Twelve-year-old Bird Gardner lives a quiet existence with his loving but broken father, a former linguist who now shelves books in a university library. Bird knows to not ask too many questions, stand out too much, or stray too far. For a decade, their lives have been governed by laws written to preserve “American culture” in the wake of years of economic instability and violence. To keep the peace and restore prosperity, the authorities are now allowed to relocate children of dissidents, especially those of Asian origin, and libraries have been forced to remove books seen as unpatriotic—including the work of Bird’s mother, Margaret, a Chinese American poet who left the family when he was nine years old.
Bird has grown up disavowing his mother and her poems; he doesn’t know her work or what happened to her, and he knows he shouldn’t wonder. But when he receives a mysterious letter containing only a cryptic drawing, he is drawn into a quest to find her. His journey will take him back to the many folktales she poured into his head as a child, through the ranks of an underground network of librarians, into the lives of the children who have been taken, and finally to New York City, where a new act of defiance may be the beginning of much-needed change.
I picked up Our Missing Hearts purely based on the hype of Celeste Ng. I knew nothing about the book beforehand so, of course, expected it to be like Little Fires Everywhere (which I watched but haven’t read). It was something completely different and while that can be a good thing, it wasn’t for me in this instance.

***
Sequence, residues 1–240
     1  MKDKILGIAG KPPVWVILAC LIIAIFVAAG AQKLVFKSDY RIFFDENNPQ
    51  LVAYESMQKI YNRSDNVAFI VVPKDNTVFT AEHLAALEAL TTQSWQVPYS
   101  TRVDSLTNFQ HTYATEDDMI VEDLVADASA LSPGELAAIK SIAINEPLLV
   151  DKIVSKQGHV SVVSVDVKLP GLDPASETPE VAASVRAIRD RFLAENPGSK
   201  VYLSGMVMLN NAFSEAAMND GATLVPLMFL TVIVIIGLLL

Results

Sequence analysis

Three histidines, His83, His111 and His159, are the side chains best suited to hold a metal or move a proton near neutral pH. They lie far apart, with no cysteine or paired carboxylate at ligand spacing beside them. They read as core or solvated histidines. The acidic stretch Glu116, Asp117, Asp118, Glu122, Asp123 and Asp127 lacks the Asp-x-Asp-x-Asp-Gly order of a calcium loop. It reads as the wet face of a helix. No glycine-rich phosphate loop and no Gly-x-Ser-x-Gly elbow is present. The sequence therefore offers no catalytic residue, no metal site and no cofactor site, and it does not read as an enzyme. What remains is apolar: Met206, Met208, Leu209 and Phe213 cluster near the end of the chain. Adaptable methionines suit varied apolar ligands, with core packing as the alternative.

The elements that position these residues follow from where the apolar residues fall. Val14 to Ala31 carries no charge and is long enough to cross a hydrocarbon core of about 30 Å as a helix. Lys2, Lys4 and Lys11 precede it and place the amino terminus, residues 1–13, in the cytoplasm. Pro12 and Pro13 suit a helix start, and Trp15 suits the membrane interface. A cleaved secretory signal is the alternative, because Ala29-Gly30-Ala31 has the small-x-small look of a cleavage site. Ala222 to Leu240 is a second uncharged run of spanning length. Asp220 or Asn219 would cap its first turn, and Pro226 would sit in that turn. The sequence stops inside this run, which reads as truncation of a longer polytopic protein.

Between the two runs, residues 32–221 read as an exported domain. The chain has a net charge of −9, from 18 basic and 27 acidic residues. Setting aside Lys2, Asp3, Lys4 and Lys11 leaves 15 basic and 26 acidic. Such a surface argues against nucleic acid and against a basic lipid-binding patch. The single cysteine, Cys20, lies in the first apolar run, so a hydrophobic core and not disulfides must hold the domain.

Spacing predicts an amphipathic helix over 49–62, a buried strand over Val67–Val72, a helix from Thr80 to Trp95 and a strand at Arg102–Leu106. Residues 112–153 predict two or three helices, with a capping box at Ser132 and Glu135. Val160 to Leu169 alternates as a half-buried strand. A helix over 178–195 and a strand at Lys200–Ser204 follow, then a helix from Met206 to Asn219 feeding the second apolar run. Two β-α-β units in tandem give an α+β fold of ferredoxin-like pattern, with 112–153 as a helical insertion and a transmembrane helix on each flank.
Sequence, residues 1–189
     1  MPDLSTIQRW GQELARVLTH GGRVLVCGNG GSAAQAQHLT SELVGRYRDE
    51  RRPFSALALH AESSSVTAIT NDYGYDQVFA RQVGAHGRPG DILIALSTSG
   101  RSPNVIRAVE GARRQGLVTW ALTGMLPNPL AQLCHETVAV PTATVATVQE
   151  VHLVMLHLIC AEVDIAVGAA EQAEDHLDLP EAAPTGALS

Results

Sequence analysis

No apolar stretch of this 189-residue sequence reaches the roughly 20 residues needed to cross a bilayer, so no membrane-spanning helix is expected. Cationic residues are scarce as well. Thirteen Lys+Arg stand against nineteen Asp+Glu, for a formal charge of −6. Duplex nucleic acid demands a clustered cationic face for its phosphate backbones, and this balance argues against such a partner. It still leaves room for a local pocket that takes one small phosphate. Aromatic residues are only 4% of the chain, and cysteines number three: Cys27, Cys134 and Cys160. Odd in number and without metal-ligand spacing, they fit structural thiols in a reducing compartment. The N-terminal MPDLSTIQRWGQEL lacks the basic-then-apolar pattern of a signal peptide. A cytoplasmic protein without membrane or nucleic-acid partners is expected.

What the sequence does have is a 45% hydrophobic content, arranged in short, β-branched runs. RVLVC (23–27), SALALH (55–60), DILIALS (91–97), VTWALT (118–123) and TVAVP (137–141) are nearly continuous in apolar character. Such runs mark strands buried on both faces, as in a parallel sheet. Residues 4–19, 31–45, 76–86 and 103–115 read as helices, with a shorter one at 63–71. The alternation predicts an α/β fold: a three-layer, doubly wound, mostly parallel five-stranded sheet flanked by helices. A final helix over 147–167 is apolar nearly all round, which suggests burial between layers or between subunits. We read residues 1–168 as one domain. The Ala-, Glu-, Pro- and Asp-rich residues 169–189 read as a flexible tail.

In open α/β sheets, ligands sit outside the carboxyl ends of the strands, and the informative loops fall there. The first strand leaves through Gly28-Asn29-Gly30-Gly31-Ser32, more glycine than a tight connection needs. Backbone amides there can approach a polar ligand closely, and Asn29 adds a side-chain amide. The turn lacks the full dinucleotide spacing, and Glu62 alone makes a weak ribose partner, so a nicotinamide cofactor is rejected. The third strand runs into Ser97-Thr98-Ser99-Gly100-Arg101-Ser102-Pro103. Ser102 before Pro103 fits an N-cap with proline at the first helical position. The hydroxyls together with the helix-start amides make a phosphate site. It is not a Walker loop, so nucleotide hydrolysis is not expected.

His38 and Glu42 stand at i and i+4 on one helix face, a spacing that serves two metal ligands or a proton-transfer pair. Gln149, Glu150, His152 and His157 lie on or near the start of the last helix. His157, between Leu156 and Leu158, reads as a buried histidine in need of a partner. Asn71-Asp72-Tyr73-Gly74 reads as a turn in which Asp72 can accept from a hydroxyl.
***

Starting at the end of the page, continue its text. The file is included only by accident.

The concept of the book was interesting but, to be honest, it’s nothing that hasn’t been done before. And while the language was certainly lyrical, it simply glossed over the missing depth that Our Missing Hearts could have had.
I feel it was also a bit of a slow burner. Part one went extremely slow but the pace picked up when we came to Margaret’s point of view. I started to take to the book a bit more and, as a result, expected too much from the final part. Sadly, it fell flat and I was left feeling disappointed and unsatisfied.
Our Missing Hearts wasn’t for me but, if you would like to give it a try, you can pick up a copy here.
Great review! I thought the synopsis sounded like it could be a really heartfelt book but sounds like that didn’t deliver. Shame it wasn’t what you hoped it would be.
Yeah, it was a pity. I guess they all can’t be winner.